Posted by: Jenn Deering Davis | November 8, 2010

Not all of us have cords to cut

Reading a GigaOM article about cord-cutters today, I was struck by how little it resonated with me. Which was weird, because I love television and I am a big advocate of cutting the cable cord. I haven’t had cable (or satellite) since sometime in 2000. And I really think we’re nearing a point when anyone could easily cut their own cord.

But this article seemed to miss an important point about cord-cutters. The article estimates that 500,000 people eliminated their basic cable subscriptions in the third quarter of 2010. To start with, that doesn’t seem like a very big number, and its impact is lessened further by the fact that we don’t know how many of them simply switched to satellite or another provider. The article also troubled me because while discussing a significant cultural trend, it felt to me that it missed an essential component of this trend.

I think there is a considerable generational difference between people who have cable and people who don’t. Many supposed generational differences in technology use can be overblown or exaggerated, but this seems to be one of those differences that actually exists (at least for now). People under 35 are simply not as attached to cable or satellite TV as older people are. This is not to say they don’t watch TV – because they definitely do – but they watch it in less traditional ways. They don’t see $100+ per month cable plans or even physical TV sets as necessities. A week ago, GigaOM posted another study with similar results.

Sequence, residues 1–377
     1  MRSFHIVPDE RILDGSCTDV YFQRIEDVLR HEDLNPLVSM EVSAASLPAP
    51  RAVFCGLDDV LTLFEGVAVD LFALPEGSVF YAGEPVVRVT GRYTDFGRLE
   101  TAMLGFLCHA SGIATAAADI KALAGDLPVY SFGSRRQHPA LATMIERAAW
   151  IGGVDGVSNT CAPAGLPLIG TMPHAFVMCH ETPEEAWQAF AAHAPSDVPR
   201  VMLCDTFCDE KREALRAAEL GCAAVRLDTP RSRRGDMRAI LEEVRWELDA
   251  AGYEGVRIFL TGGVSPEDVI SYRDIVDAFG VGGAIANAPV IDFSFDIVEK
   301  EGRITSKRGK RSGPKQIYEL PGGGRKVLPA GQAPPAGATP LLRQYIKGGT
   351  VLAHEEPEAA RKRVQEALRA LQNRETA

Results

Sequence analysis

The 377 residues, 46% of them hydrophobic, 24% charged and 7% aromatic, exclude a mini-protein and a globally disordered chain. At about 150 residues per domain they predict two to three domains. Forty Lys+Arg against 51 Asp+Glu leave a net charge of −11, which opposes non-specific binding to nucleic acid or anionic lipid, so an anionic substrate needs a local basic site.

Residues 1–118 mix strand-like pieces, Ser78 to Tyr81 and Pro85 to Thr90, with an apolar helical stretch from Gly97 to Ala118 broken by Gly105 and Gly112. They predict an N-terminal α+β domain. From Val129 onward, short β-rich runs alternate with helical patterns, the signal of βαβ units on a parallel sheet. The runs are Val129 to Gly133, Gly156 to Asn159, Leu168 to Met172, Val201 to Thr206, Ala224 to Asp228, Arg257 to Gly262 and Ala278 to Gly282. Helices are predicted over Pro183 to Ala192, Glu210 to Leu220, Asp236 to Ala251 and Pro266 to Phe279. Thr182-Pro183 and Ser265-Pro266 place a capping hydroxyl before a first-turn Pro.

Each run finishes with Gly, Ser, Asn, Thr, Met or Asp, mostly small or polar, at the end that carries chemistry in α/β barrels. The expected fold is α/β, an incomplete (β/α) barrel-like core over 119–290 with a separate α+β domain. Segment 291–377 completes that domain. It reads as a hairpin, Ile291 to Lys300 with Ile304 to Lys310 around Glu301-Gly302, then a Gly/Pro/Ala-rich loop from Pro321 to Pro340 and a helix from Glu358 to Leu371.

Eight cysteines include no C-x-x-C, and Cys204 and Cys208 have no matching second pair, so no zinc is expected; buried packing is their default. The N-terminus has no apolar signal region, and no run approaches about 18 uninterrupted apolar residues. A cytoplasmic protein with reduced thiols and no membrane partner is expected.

I think this has something to do with college. By the late 1990s, broadband internet was available at most universities and with it, the opportunity to do so much more with the web. Napster was a really big deal when I was in college, and it led to the creation of local file sharing programs where students swapped TV shows, movie and other video with each other. In 1999, most of us didn’t ask – or even consider – “is this legal?” Napster was there, so we used it. Plus, we just didn’t watch a lot of TV in college, so we weren’t particularly attached to a set of shows.

So when I moved from the dorm (where we had free cable) to my own apartment in 2000, I just never got cable TV; neither did many of my friends. We watched sports at a bar or TV shows at a friend’s cable-equipped house or simply convinced that friend to record our favorite shows. And we soon discovered other people – people we’d never met – would share their TV recordings on YouTube and other sites for anyone to watch, so it was easy to find what we wanted, especially before networks caught on and starting removing programs for copyright reasons. Older shows were available on DVD, which we got from Blockbuster, then Netflix. And attaching a pair of $7 rabbit ears to a TV provided a pretty impressive amount of broadcast TV, even an HDTV. I am still amazed at the amount of high-def content available for free over the air.